Monday, December 01, 2008


I've been thinking about marketing romances recently and how various authors go about doing it. Nora Roberts is still actively marketing her novels herself, especially her series books. Suzanne Brockmann does elaborate reader weekends. Most authors do book tours.

How do e-book authors market themselves when they don't have books to sign and sell to their readers if they show up at a bookstore? Here's one way: Angela James' 12 days of Holiday Hell. Should be an interesting twelve days.

And yes, I'm doing this because I want a Kindle and book gift certificates (a very few of the prizes)! Excuse me, I'm off to hunt through 17 author websites, heaven help me. I've got 12 days to do it, right? :) Join me and have some fun, discover new e-book authors, and many win some stuff!


  1. As I sat with the lap top reading this post on Google Reader, I happened to catch a commercial for Nora Roberts' new release, The Pagan Stone. It was pretty brief, with a tag line something like, Reading takes you places. Nice.

    Can't find a link on the InterTubes, otherwise I'd link.

  2. Rather than authors doing their own promotion in the sort of ways you mention at the beginning of your post, the Samhain competition seems to me to be an example of a publisher promoting a group of its authors,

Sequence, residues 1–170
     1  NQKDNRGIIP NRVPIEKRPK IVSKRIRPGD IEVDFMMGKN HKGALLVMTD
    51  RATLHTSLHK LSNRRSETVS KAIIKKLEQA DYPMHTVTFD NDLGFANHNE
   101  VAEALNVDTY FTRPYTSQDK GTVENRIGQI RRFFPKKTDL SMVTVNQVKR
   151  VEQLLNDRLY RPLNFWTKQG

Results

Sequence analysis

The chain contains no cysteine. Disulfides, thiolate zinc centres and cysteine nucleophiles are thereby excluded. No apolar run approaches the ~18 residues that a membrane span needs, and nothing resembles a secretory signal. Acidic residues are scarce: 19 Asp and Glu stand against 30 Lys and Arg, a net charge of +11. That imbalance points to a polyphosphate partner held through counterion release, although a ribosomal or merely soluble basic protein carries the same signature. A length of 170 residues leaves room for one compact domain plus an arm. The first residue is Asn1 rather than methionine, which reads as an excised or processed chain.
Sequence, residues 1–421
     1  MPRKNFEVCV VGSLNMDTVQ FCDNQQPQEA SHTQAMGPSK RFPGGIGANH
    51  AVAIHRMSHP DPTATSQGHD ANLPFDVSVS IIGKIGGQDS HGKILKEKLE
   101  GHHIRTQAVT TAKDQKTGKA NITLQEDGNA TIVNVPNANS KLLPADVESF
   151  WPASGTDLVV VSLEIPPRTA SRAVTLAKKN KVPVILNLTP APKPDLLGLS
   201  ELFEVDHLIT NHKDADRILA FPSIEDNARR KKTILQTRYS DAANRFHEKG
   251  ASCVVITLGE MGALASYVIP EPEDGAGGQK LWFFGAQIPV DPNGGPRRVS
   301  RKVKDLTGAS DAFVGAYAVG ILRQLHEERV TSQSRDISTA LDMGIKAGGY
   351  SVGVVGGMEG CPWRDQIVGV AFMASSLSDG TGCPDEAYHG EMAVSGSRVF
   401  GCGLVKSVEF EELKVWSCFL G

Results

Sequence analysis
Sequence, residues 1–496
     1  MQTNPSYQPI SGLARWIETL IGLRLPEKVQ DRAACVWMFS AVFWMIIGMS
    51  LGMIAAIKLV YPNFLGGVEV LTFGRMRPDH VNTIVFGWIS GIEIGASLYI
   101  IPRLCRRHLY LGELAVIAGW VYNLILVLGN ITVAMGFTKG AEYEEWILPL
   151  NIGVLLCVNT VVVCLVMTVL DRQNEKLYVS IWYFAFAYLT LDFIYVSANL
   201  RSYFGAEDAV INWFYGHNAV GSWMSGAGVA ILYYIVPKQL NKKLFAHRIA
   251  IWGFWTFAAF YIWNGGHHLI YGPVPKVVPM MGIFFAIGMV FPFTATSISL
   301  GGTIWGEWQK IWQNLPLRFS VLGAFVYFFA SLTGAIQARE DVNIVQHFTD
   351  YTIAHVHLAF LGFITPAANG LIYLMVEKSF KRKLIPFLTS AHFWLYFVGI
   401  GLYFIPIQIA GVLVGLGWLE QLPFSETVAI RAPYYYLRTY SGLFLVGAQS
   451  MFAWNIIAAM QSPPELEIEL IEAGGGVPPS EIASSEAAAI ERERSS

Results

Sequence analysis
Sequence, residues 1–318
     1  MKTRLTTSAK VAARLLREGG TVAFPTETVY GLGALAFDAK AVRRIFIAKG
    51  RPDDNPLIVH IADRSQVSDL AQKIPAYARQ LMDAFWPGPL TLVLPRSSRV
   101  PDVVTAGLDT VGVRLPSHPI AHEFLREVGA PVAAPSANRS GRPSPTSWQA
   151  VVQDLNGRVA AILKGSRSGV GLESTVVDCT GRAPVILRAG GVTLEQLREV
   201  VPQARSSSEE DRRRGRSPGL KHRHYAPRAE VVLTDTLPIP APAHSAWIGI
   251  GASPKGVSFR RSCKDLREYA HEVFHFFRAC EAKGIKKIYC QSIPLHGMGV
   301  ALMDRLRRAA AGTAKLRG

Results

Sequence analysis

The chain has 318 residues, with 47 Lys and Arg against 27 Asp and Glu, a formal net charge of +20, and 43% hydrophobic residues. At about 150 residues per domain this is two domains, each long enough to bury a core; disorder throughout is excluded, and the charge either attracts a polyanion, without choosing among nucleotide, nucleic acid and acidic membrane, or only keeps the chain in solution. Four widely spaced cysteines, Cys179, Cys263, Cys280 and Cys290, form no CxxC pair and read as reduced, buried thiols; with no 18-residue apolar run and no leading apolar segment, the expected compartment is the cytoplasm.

I wonder if promotions by publishers are likely to give readers a better idea not just of their authors but also of the publisher itself, sometimes in unexpected ways. With regards to the Avon promotion that I mentioned in my last post, I noticed that both Lorraine Heath's novel and one of the other three books available this month (Margo Maguire's The Bride Hunt) used the word "trite" in perplexing ways:

    "[...] you expect me to take you at your word that he deserves killing without even telling me what he's done. For all I know perhaps he neglected to ask you for a dance."
    "Surely you don't think I'm as trite as all that." (Heath 28)

    "I'm sorry, but I'm feeling a bit trite of late. Hearing that a man such as Claybourne, a known scoundrel, is taking time to speak out on behalf of children makes me feel as though I should be doing more." (Heath 104)

    "I let my eyes deceive me. I never knew how trite beauty could be. Your face is well loved, Anvrai, but know that I do not measure your worth only by your bold visage." (Maguire 372)

    Heath, Lorraine. In Bed with the Devil. New York: Avon, 2008.
    Maguire, Margo. The Bride Hunt. New York: Avon, 2006.

    Because the promotion was by publisher, rather than by an individual author, it made me wonder if Avon has an editor who isn't aware that "trite" is defined as an "adjective (of a remark or idea) lacking originality or freshness; dull on account of overuse" (Compact Oxford English Dictionary).

  3. I like the video promos for JAK's last two Jayne Castle Harmony novels, SILVER MASTER and DARK LIGHT. You can find them on youtube.